Australians could pick up two months' worth of commonly prescribed medicines in a single trip to the chemist - and pay less for them - under a plan being considered by the federal government.
Pensioners and healthcare card holders would get two packets of Pharmaceutical Benefits Scheme medicine for the price of one.
Health Minister Greg Hunt is negotiating a new agreement with the powerful Pharmacy Guild, and has put the previously shelved proposal back on the table.
But the powerful Guild remains opposed to the move, which would deliver cheaper medicines to millions of Australians, because it would halve the dispensing fee - most commonly $7.39 - that pharmacists charge for every packet of PBS medicine they sell.
Sydney pensioner Bev Dorrian, who takes daily blood pressure medication, welcomed the proposed change, which has the backing of medical experts and consumer advocates.
Mrs Dorrian said it would make life easier for the many Australians who took regular medication, including her husband who has a heart condition.
"I think it's probably more important for the older people, because some people may have trouble getting to the chemist," she said.
She added being able to pick up two packs at once would be handy for going away on holidays.
Grattan Institute health economist Stephen Duckett said the government should "absolutely" bring in two-pack prescriptions because it was in consumers' interest to do so.
Mr Hunt, who had abandoned the measure midway through the election campaign, declared "all relevant options" were on the table as he negotiated a new five-year deal with community pharmacists - including the shelved plan for two-month scripts.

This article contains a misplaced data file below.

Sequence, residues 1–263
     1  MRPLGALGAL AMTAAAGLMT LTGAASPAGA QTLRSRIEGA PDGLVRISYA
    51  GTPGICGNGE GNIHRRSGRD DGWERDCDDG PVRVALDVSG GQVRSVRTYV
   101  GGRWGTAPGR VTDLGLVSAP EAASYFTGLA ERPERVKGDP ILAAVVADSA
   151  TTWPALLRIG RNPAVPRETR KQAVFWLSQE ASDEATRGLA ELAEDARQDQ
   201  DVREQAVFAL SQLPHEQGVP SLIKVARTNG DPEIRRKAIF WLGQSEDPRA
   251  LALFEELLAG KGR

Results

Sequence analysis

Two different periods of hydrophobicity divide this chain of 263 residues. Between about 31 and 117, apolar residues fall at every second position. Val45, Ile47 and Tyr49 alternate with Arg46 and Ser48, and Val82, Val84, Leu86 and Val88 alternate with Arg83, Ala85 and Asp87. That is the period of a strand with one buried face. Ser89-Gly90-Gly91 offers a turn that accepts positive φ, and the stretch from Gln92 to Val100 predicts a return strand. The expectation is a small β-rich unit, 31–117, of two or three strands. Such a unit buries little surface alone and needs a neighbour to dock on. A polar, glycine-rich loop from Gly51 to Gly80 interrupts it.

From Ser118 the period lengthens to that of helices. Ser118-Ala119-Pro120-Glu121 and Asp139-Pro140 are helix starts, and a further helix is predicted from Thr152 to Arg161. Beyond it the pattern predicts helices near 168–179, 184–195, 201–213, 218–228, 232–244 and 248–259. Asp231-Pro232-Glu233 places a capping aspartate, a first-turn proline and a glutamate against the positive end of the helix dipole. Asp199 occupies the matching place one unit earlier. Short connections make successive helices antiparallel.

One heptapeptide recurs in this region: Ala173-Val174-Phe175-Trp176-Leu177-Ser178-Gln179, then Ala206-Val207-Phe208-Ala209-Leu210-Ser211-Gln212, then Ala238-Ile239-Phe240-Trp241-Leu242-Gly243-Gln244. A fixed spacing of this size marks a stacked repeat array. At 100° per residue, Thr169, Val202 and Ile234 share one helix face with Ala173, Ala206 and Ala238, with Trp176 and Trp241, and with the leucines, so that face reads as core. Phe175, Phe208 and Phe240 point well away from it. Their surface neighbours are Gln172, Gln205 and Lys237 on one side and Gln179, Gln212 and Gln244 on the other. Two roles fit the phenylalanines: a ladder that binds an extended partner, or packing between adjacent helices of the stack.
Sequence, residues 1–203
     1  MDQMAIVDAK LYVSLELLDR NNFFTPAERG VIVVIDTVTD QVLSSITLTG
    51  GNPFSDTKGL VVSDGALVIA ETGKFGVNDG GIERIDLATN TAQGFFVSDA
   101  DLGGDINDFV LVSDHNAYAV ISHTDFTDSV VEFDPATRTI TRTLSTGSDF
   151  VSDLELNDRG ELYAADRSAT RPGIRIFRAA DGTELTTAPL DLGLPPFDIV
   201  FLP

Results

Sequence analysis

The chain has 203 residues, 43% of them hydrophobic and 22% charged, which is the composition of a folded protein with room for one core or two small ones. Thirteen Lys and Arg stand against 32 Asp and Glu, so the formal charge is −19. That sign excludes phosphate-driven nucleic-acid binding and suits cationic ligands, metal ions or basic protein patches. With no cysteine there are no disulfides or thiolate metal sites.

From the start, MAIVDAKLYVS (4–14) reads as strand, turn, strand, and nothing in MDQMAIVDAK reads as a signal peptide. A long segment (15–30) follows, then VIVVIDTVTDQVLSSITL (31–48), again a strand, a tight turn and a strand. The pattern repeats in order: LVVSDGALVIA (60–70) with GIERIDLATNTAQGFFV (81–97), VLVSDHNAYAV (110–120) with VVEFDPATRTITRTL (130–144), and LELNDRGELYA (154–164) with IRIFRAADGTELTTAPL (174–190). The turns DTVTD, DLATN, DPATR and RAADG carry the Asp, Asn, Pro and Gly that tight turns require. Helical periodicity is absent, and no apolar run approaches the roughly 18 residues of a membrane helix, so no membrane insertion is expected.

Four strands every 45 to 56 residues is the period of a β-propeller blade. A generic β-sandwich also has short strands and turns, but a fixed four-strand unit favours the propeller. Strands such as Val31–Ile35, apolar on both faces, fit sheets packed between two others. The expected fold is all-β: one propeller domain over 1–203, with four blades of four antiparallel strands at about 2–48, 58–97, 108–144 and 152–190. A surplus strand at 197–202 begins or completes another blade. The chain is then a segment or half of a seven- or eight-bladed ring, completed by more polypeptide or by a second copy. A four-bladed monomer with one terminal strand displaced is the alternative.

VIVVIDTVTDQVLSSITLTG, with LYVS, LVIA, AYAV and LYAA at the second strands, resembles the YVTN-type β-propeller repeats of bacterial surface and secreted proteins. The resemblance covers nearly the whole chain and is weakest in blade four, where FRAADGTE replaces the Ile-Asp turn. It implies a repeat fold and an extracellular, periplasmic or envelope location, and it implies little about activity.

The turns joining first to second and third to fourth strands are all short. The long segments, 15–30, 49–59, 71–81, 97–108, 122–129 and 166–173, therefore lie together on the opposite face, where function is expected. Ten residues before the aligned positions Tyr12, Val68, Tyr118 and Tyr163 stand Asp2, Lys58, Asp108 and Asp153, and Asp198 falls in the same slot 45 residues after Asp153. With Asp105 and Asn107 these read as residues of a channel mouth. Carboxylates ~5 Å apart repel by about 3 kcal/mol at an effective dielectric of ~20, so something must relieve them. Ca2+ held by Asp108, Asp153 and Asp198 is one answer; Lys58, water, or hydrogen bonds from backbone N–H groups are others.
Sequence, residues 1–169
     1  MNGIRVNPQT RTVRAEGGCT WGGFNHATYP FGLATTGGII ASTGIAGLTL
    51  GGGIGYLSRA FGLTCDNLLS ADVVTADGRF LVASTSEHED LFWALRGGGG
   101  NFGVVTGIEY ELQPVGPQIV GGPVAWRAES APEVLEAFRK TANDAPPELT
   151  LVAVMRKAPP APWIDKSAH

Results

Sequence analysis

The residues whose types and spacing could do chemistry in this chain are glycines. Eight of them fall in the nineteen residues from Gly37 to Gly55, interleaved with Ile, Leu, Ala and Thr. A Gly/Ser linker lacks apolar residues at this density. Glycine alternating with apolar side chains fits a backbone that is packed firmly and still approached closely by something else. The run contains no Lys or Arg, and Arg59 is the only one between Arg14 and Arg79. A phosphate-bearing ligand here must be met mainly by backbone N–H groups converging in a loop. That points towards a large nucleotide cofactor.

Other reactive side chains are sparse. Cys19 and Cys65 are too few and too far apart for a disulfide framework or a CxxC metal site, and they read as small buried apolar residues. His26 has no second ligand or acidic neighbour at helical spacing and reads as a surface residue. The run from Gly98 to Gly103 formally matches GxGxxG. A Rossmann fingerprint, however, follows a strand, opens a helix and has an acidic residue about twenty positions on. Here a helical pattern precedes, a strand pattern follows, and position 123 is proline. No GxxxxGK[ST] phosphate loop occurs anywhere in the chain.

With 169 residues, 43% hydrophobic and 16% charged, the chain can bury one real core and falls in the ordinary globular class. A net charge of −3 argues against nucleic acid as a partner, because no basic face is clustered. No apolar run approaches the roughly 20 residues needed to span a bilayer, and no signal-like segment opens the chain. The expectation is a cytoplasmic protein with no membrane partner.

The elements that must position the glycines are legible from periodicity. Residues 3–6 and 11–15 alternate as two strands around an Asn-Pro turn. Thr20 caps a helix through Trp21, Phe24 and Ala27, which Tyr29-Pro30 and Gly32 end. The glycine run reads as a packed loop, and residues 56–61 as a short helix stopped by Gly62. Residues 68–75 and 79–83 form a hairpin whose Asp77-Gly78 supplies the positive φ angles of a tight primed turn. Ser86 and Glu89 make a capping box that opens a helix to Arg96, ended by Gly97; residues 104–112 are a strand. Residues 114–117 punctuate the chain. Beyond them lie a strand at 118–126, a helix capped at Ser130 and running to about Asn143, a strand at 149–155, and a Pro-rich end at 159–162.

The Pharmaceutical Benefits Advisory Committee, an independent expert panel that advises the federal government, recommended two-pack prescribing last year.
If implemented, the change was expected to save the federal budget tens of millions of dollars on 143 of the most commonly prescribed PBS medicines for which the government pays pharmacists a dispensing fee.
Mr Hunt ditched the change, which had been expected to appear in the federal budget in April, weeks out from the federal election after the Guild took out a full-page advertisement in The Australian newspaper warning against it.
The feared lobby group is a major donor to both sides of politics, with its 5700 members able to quickly mobilise and campaign through their stores with posters and pamphlets.
The minister said at the time that the appropriate forum to consult on the issue was the seventh community pharmacy agreement, which he plans to finalise by December and would take effect in mid-2020.
Mr Hunt said in a statement the government was "committed to leading early and inclusive negotiations" about the new pharmacy agreement.
I think it's probably more important for the older people, because some people may have trouble getting to the chemist.Pensioner Bev Dorrian
Health department bureaucrats held their first stakeholder meeting last month, with discount retailer Chemist Warehouse arguing to relax the rules that prevent it from opening dozens of new stores in regional towns.
But the Guild is fighting any change that might disadvantage the thousands of small, local pharmacist owners it represents, arguing that rural chemists would go out of business if protectionist rules were abandoned or dispensing fees were reduced.
Greg Turnbull, a spokesman for the Guild, said the lobby group remained concerned about the "unintended consequences" of the proposal.
Mr Turnbull warned it would be "inadvisable" for the government to pursue the measure, which would "pull the rug out from under local pharmacists' remuneration base".
In 2017-18 the Pharmacy Guild donated almost $140,000 to the Labor party, more than $40,000 to the Liberal party and $37,600 to the Nationals in 2017-18, according to the latest annual returns published by the Australian Electoral Commission.
The available data does not include funds donated in the lead-up to the 2019 election.
- SMH/The Age